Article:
Sap carries nutrients to the parts of the tree. While it isn’t exactly like blood to the tree, an overly heavy flow out of a pruning or other wound removes nutrients the tree might have otherwise used. But if you’ve pruned the tree properly, the sap flow won’t hurt the tree at all.
Excessive Sap Flow
Some species of trees, such as maple and elm, normally exude a large amount of sap after being trimmed. These and other heavy-sap-flow trees are nicknamed “bleeders” because of the sheer amount they let out. Of course, a heavy flow of sap is an advantage for those tapping maple trees, as that sap is what’s boiled down into maple syrup.
Best Time to Prune
Schedule pruning to minimize sap flow, both to minimize cosmetic issues and to conserve nutrients for the tree. Prune “bleeders” either during the winter, when they are dormant, or during summer after much of the trees’ growth for the season has finished. At that point, the sap flow within the tree will not be as strong as it was during the spring growth period. Other trees are best pruned either in early spring, when the energy of the new season allows them to heal more quickly, or in summer, again after the season’s growth is done.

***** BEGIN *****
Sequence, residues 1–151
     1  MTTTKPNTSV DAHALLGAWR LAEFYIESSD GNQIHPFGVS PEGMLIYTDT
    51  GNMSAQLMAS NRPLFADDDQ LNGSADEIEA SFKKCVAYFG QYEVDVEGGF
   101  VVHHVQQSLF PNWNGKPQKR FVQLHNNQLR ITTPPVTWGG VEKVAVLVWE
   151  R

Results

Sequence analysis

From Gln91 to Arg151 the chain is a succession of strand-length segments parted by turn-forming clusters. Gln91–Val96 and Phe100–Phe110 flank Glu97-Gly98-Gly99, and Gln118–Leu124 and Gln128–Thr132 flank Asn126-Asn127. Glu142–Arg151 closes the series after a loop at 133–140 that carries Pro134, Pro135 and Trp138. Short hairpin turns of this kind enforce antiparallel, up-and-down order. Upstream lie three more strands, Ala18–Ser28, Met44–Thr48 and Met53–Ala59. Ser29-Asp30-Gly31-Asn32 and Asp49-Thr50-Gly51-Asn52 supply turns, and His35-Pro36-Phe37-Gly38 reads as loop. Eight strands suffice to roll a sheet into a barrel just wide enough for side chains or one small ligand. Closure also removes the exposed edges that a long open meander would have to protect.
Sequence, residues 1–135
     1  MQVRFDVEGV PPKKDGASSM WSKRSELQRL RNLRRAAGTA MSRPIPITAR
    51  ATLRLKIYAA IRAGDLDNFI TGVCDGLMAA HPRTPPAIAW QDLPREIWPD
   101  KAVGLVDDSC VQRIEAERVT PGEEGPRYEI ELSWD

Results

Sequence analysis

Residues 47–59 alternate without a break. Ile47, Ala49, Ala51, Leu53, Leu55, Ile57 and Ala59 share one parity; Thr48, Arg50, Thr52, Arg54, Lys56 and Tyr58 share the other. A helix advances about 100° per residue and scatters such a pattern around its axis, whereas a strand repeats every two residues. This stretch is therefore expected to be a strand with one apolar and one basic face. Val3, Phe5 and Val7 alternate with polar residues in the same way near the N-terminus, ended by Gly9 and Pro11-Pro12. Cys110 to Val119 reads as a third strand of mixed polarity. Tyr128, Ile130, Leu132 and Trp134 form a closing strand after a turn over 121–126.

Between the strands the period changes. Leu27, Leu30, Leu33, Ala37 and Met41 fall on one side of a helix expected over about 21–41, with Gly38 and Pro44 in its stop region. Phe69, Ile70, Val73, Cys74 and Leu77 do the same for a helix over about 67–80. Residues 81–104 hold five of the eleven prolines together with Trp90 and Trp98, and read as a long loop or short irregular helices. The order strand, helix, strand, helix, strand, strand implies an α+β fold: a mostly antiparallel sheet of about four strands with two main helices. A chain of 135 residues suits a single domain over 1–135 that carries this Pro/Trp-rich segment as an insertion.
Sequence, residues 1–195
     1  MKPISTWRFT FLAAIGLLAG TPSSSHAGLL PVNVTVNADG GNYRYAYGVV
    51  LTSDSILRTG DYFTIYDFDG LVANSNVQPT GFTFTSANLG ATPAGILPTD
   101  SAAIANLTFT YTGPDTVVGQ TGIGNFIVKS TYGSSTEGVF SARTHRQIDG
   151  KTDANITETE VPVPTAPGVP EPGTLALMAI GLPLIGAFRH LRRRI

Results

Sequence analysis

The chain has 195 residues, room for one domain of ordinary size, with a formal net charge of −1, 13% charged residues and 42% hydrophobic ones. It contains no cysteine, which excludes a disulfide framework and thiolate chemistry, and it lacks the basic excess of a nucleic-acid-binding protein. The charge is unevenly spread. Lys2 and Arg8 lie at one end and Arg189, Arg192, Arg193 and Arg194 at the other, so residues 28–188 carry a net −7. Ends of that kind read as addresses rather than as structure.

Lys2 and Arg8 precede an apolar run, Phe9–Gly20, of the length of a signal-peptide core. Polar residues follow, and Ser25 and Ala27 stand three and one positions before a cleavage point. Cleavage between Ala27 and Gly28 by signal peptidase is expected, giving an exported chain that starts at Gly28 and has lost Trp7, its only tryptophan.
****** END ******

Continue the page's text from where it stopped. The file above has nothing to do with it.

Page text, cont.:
If pruning a “bleeder” during winter, ensure that you do it when the nighttime temperatures will not fall below 20 degrees Fahrenheit. Kansas State University Research and Extension notes that temperatures less than 20 F will hurt the tissue in the wound.
Seeing sap flow out of a beloved tree may be uncomfortable, but according to Texas A&M’s AgriLife Extension, the extra sap acts as a barrier against germs, helping to keep them out of the wounds from pruning. Older advice was to apply some sort of wound dressing after pruning, but this is unnecessary—and potentially harmful—to many trees, encouraging decay instead of healing. There are very few circumstances that call for a wound dressing.